Frozen fruits and vegetables are usually a fraction of the price of fresh vegetables and many times have a better nutritional profile since many vitamins are lost when exposed to light. Also, produce picked before ripe and allowed to ripen during transport will not have the same nutritional profile as produce allowed to ripen before harvest. \

    Clip coupons and buy whats on sale then plan your meals around it, rather than planning meals first then buying items not on sale to fit your menu.

    Grow as much of your own produce as possible.
  • Dustinsteven22
    Dustinsteven22 Posts: 277 Member
    Great ideas! I also buy frozen chicken breast because we can make several meals out of them! The challenge is getting my kids yo eat healthy!
  • AlyRoseNYC
    AlyRoseNYC Posts: 1,075 Member
    When something is on sale for a really good price, I buy in bulk. If it can be frozen, I'll freeze it. I very rarely buy anything full price.
  • PLAID1977
    PLAID1977 Posts: 70 Member
    Do you have an Aldi in your area? I have cut my food expenses in half by shopping there first. There are only a few of our "staples" that I now need to go to the regular food store for. Aldi has tons of fresh, even organic, produce, lean protein, dairy etc. I'm hooked!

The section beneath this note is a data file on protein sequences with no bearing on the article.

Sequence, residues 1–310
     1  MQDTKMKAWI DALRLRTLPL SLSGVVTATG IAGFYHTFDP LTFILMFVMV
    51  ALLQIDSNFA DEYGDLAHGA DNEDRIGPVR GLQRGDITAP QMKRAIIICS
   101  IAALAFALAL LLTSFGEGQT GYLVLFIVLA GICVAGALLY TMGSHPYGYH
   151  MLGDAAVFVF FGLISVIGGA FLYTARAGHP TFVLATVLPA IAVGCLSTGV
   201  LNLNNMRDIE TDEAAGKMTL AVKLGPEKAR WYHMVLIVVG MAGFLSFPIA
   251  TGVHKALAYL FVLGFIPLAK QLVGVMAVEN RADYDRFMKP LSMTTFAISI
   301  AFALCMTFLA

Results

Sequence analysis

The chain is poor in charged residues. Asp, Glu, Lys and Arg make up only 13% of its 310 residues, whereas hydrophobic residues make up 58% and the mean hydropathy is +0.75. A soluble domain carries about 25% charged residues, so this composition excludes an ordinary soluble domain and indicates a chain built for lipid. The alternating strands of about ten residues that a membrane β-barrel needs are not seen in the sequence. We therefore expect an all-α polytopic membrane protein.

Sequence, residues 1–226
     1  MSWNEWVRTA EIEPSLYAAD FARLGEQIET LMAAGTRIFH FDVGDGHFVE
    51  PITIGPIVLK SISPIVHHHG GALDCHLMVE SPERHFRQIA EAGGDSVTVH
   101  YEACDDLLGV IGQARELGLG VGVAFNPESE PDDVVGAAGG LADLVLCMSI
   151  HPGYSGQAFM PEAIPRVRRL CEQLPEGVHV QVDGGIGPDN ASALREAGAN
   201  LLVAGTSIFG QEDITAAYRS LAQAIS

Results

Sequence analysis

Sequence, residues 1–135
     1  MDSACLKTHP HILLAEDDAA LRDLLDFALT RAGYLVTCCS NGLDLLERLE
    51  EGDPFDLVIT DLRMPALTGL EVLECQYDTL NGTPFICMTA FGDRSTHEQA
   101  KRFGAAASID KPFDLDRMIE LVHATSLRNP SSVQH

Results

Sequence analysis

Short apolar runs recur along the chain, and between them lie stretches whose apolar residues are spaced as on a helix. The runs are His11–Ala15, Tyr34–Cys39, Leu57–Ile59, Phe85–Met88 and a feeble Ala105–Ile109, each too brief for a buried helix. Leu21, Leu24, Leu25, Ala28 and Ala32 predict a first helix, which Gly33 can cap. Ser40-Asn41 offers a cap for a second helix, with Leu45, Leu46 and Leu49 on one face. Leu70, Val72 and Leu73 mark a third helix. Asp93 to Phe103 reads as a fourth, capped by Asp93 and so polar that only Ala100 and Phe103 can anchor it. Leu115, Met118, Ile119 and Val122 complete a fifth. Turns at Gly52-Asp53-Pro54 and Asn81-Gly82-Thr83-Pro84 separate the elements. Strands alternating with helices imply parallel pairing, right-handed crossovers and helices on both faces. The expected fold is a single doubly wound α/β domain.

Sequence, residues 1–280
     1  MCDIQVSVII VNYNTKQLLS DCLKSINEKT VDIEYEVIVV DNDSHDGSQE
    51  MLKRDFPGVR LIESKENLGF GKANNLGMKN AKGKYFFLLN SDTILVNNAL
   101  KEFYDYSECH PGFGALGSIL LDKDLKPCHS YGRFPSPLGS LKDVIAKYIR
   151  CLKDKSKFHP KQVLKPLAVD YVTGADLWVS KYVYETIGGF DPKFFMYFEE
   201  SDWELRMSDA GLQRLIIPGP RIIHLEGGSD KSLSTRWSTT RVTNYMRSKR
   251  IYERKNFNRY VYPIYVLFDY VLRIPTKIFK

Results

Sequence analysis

• Lizzy622
    Lizzy622 Posts: 3,705 Member
    Great ideas! I also buy frozen chicken breast because we can make several meals out of them! The challenge is getting my kids yo eat healthy!
    If they see you eating it, they will follow suit. Some things we had to introduce several times(they had to at least try a bite), but now my children eat just about everything.
  • ExRelaySprinter
    ExRelaySprinter Posts: 874 Member
    Do you have an Aldi in your area? I have cut my food expenses in half by shopping there first.

    There's one pretty close to me, but i normally tend to go to Morrisons.
    Yeah, ...will have to pop in and have a look!
  • onefortyone
    onefortyone Posts: 531 Member
    I've found that it costs the same to have healthier eating habits (or even saves you money you'd usually spend at the drive thru or restaurants). If you buy meat/cheese on sale and produce in season, and watch your portions, your food will go further. Salad dressing takes us forever to get through now that we only use 1-2 tbls at a time. You do have to make a conscious effort to 'buy less' at the grocery store too. Choose smaller packages of food (a lot of meats are packaged 1-2lbs or 3-4lbs, so dig around in the case), stick to 4oz of meat (each) per meal, and see what's on sale before you go shopping.

    Meal planning has always been my friend too, to save money. Got chicken, but no potatoes? Got a jar of spaghetti sauce but no noodles? Spending ages discussing what to eat and nothing seems to work so you just go out to eat? That scenario has been 90% eliminated in our household :) check through your fridge/cupboards/freezer to see what you have and base meals around that, and only buy what you will need for those meals.

    The foods we have 'taken off' our shopping list have also saved us money - cereal and cereal bars, bags of chips and chocolate, bacon ($5 a pound!), sodas, juice, etc.. We replaced them with more bread & eggs for breakfast and fruits/veggies for snacks, and a giant pitcher with a filter for nicer tasting tapwater.